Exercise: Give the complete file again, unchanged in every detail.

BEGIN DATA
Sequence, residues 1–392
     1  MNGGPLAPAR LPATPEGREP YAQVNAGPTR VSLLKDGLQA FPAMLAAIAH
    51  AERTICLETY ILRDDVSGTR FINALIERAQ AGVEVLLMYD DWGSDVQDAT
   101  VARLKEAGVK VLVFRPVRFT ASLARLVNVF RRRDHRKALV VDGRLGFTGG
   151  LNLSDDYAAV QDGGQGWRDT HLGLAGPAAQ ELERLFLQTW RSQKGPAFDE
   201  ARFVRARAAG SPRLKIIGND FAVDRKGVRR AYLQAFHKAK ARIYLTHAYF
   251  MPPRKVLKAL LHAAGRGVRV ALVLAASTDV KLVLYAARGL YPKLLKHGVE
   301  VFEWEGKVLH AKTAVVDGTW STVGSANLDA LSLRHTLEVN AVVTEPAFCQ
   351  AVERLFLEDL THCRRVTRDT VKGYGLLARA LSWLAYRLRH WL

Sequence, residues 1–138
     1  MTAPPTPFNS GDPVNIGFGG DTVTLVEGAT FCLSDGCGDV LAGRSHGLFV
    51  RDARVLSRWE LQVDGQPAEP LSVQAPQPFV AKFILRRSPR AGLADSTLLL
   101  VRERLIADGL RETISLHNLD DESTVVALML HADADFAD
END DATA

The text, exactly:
Sequence, residues 1–392
     1  MNGGPLAPAR LPATPEGREP YAQVNAGPTR VSLLKDGLQA FPAMLAAIAH
    51  AERTICLETY ILRDDVSGTR FINALIERAQ AGVEVLLMYD DWGSDVQDAT
   101  VARLKEAGVK VLVFRPVRFT ASLARLVNVF RRRDHRKALV VDGRLGFTGG
   151  LNLSDDYAAV QDGGQGWRDT HLGLAGPAAQ ELERLFLQTW RSQKGPAFDE
   201  ARFVRARAAG SPRLKIIGND FAVDRKGVRR AYLQAFHKAK ARIYLTHAYF
   251  MPPRKVLKAL LHAAGRGVRV ALVLAASTDV KLVLYAARGL YPKLLKHGVE
   301  VFEWEGKVLH AKTAVVDGTW STVGSANLDA LSLRHTLEVN AVVTEPAFCQ
   351  AVERLFLEDL THCRRVTRDT VKGYGLLARA LSWLAYRLRH WL

Sequence, residues 1–138
     1  MTAPPTPFNS GDPVNIGFGG DTVTLVEGAT FCLSDGCGDV LAGRSHGLFV
    51  RDARVLSRWE LQVDGQPAEP LSVQAPQPFV AKFILRRSPR AGLADSTLLL
   101  VRERLIADGL RETISLHNLD DESTVVALML HADADFAD